Overall, birds make great pets. But when it comes to deciding which pet bird species to raise, do your homework and research. Of course, aside from researching, be sure you know a thing or two about their food and bird cages. You don’t want them to feel cramped up in one tiny space. As for their diet, speak with a specialist or a veterinarian. For sure, he knows better. Now, raising pet birds may look and feel easy, but honestly, they are not. Hopefully, this list can help you decide.

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7 thoughts on “6 Bird Species That Are Low-Maintenance

  1. Linda says:

    I have 3 cats, one is a feral spelling? I can’t touch him the other are spoiled . my question is will the cockatiel and cats get along, will the bird be safe? I’ve never had a bird before.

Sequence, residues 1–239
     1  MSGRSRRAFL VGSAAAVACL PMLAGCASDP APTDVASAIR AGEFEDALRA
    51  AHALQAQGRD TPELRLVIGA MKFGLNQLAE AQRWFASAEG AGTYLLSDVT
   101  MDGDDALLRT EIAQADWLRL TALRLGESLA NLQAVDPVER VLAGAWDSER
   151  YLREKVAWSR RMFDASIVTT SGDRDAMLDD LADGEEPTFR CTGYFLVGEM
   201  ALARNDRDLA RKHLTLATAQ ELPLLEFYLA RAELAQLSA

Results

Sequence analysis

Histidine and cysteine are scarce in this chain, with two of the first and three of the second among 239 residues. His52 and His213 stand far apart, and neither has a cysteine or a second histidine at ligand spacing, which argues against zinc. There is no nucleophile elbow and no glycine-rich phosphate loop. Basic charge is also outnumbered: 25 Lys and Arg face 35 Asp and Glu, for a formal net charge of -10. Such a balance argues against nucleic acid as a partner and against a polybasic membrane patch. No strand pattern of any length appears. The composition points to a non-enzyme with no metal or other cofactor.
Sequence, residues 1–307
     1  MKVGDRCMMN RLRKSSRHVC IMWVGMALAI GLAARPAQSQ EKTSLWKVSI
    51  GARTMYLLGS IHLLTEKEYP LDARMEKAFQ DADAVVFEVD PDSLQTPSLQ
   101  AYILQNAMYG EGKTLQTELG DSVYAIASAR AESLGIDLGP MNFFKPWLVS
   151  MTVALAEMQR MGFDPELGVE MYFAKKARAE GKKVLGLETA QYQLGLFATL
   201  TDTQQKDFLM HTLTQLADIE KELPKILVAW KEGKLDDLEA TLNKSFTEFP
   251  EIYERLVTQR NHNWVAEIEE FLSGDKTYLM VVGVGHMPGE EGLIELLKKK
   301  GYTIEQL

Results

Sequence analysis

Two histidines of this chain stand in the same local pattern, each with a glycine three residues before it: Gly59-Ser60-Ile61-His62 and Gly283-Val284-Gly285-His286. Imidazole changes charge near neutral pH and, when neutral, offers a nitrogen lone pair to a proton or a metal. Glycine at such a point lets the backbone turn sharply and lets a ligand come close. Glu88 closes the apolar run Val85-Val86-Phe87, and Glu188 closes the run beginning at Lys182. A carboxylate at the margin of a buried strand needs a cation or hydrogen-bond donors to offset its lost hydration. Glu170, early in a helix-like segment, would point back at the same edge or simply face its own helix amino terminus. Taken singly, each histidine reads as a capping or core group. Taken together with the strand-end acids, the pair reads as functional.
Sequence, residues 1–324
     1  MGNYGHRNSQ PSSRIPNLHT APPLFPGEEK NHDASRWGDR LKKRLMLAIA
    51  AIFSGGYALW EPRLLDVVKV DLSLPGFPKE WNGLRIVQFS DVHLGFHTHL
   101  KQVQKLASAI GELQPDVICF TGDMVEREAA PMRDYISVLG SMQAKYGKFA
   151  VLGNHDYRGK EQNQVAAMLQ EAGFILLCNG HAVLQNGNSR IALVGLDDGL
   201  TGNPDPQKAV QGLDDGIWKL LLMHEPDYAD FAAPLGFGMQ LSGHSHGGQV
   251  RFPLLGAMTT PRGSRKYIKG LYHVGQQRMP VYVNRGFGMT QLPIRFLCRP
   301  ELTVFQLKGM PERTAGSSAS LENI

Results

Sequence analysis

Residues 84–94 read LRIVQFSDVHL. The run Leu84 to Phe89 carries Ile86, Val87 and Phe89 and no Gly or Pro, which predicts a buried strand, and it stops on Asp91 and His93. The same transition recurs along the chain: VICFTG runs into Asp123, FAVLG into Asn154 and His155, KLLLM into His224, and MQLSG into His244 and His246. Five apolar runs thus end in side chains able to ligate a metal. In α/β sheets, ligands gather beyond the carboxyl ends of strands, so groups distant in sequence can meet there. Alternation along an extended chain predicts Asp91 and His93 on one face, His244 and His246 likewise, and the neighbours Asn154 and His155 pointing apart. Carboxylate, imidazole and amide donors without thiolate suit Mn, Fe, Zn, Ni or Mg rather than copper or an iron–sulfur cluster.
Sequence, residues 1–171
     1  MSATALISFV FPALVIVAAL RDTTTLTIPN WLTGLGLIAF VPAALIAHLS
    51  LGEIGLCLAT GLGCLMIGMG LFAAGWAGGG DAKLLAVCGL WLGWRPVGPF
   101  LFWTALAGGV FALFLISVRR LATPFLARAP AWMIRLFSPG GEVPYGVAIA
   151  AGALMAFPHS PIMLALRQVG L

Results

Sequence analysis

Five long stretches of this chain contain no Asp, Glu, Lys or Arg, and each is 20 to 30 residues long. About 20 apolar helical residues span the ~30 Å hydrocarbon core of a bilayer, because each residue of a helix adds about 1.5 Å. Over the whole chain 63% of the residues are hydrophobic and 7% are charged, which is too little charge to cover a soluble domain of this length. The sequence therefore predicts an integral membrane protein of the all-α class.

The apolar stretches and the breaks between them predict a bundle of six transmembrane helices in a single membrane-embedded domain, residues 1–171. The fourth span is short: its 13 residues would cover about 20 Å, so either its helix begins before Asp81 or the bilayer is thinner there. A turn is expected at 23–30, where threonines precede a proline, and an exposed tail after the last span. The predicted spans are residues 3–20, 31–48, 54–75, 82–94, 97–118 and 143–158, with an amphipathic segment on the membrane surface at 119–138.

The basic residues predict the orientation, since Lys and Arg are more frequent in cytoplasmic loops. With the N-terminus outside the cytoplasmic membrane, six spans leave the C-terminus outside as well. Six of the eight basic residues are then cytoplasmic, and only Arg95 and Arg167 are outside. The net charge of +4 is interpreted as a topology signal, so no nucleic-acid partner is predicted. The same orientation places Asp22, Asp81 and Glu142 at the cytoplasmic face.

• UncaAlby says:

      A word of warning: I don’t know the first thing about cats and birds but I have an opinion anyway. I am willing to bet that if the cat and bird were not introduced to each other at a very young age, the bird is going to eventually be lunch. Especially, you say the cat is feral? You know in the wild they hunts birds for survival, right? Your bird wouldn’t have a chance. “I t’ot I saw a puddy tat” only without the happy ending.

      • Mika says:

        I own 2 baby budgies and a lorikeet, paired with a very grumpy cat. Never has he once tried to harm the birds. Yeah, he’ll occasionally sit down by the cage and watch them as if to say “gosh you could totally be my lunch right now.” but he has never acted. The birds interact with the cat on a very regular basis. It does depend on the cat and the demeanour of the animal etc etc. It’s not a complete write-off, you just have to be careful is all. Not very fair to say that they have absolutely no chance of getting along. From experience, my cat wouldn’t stand a CHANCE against my lorikeet. now THATS a fact.

  2. heather lapollo says:

    I once had a budgie and a cat. One day there was just a cat and a feather. Not sure where the bird went, but I think the cat knows!